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Cat Ear Care

Common ear problems in cats include ear mites, fungi infections, bacterial infections, yeast infections, or allergy reactions. If you notice inflammation surrounding your cats' ear, take her to the veterinarian to be treated. When ear infections are left untreated they can damage the inner ear. Ear infections can occur when there is an excess production of ear wax. The surplus of wax creates an ideal feeding ground for micro organisms.

Cleaning Cat Ears

A regular routine of ear cleaning can help catch and prevent common ear problems in cats. Vets advise the introduction of ear cleaning early so your pet becomes used to the cleaning and less likely to squirm. To clean the ear and check for any ear problems gently unfold and stretch your cats ear until you can glimpse the inner ear. If you notice red or black ear wax or any discharge, your pet may have an ear infection and should be checked over by a veterinarian. Continue to gently clean the ear, at this time you may wish to use an ear cleaner. You may apply a few drops of cleaner, rub it in for 20-40 seconds, and then wipe the ear with a cotton swab or pad. Q-tips are not recommended for use in cats. Avoid cleaning to deep in the ear as doing so can inflict damage and pain on the inner ear.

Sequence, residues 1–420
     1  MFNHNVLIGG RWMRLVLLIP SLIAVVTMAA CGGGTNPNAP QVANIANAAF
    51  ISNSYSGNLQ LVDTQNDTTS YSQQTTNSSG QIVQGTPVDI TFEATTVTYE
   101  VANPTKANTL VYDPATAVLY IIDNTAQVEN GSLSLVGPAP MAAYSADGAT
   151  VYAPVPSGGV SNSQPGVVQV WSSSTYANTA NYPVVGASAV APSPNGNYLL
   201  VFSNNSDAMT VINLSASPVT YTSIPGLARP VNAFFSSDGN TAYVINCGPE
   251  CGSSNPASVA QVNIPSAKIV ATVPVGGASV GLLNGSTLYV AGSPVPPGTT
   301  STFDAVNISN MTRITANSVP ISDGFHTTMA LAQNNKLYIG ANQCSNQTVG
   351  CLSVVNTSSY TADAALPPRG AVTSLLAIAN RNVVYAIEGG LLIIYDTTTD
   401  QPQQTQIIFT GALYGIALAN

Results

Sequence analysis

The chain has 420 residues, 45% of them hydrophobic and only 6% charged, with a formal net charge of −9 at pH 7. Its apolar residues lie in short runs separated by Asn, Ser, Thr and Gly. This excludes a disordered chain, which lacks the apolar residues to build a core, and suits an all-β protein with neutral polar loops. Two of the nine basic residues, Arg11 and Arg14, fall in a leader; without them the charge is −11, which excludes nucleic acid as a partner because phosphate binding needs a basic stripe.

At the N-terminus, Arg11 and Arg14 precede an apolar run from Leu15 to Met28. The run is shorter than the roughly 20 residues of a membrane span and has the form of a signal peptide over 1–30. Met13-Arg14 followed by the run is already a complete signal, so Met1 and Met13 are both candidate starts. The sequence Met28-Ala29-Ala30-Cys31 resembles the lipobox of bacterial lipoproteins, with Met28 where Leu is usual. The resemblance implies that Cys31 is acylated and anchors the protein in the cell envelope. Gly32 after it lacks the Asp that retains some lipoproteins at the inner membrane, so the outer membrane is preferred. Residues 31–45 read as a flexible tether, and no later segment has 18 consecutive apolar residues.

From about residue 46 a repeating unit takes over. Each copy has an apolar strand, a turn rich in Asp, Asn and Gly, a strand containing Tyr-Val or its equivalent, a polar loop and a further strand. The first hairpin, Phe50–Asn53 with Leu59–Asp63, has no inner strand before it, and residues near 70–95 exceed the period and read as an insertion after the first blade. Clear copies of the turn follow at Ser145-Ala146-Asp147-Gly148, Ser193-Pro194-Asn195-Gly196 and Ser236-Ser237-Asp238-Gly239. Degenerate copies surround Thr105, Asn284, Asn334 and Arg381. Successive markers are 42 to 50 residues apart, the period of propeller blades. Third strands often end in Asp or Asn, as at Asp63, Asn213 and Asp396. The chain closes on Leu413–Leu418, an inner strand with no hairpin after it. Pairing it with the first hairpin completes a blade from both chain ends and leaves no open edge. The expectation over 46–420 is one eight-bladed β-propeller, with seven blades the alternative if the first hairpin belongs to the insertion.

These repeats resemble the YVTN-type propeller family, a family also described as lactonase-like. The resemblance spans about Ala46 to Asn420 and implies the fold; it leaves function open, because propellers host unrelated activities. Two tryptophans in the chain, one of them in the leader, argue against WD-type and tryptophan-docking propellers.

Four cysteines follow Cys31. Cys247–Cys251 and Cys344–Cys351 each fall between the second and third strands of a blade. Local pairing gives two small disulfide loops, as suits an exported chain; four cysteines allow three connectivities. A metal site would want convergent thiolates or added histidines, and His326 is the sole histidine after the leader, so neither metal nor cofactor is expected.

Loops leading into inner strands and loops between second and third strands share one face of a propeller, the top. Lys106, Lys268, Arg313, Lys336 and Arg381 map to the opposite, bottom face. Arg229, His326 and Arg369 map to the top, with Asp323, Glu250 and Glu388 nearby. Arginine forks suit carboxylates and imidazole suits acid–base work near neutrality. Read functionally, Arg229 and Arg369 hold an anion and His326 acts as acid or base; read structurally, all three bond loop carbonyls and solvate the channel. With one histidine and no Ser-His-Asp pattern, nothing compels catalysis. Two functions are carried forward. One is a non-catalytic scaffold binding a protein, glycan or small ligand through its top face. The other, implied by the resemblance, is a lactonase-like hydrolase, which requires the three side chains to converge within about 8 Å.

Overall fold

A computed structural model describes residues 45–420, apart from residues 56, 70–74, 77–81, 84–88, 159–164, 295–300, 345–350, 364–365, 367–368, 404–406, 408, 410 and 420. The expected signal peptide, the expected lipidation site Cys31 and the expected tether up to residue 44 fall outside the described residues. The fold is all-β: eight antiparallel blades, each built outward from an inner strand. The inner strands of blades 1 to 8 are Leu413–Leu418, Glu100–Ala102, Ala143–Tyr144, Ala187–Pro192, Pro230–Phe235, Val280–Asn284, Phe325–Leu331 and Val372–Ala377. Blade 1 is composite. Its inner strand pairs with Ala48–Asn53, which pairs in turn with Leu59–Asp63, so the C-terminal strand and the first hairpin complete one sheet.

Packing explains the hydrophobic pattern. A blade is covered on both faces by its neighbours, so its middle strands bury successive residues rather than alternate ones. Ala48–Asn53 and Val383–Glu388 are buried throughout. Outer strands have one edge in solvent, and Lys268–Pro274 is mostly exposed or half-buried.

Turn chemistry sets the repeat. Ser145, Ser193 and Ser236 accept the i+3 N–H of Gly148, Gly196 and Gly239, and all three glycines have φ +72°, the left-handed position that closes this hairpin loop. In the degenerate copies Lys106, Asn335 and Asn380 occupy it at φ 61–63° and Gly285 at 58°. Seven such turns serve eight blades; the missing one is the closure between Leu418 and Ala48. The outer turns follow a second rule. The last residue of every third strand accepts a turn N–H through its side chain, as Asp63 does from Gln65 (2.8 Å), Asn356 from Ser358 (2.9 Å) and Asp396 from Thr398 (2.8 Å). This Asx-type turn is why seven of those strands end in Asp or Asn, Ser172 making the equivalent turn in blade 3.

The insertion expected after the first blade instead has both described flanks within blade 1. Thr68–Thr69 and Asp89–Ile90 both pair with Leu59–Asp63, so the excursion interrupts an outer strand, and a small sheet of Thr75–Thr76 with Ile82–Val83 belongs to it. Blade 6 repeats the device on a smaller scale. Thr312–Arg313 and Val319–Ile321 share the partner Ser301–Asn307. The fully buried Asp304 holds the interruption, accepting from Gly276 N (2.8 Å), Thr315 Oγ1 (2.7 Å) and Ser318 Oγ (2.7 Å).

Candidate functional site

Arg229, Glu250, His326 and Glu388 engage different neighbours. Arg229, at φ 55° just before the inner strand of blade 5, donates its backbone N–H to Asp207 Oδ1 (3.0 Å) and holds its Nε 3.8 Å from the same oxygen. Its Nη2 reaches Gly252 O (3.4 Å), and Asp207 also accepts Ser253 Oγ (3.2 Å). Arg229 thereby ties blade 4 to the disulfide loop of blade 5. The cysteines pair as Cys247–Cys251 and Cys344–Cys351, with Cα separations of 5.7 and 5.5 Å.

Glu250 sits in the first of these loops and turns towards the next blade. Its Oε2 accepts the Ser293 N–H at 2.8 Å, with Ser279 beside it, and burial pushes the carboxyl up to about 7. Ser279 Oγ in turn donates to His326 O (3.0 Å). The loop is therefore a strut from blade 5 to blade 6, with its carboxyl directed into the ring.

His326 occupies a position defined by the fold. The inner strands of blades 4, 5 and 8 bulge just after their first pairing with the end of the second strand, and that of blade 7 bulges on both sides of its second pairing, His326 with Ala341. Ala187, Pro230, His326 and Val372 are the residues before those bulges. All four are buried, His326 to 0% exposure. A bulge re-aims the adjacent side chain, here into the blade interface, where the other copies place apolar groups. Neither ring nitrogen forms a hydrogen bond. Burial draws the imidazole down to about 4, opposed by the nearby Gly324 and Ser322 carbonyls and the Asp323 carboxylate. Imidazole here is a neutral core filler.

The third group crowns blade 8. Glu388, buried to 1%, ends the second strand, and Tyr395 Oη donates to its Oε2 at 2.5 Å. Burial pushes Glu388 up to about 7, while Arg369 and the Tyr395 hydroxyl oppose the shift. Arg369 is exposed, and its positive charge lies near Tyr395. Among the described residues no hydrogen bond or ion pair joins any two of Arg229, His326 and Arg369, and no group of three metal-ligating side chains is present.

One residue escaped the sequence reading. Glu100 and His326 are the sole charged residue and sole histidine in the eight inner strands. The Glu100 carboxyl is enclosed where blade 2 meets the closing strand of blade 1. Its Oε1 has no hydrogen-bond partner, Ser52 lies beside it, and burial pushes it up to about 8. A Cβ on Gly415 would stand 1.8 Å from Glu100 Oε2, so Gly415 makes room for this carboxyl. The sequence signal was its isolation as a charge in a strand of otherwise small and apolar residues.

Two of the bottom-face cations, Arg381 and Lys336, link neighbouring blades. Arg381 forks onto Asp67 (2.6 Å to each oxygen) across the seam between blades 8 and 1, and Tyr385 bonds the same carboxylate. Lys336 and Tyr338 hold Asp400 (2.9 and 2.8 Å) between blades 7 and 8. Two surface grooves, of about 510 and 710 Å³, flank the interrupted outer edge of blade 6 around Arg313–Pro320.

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Disclaimer: 1st Pet Naturals is an education resource, and all information herein is strictly for educational purposes. It is not intended to diagnose, treat, prevent, or cure disease, nor is it meant to replace the (prescribed) treatment or recommendations of your veterinarian or healthcare provider. Always inform your veterinarian or healthcare provider of any products that your pet is taking, including herbal remedies and supplements.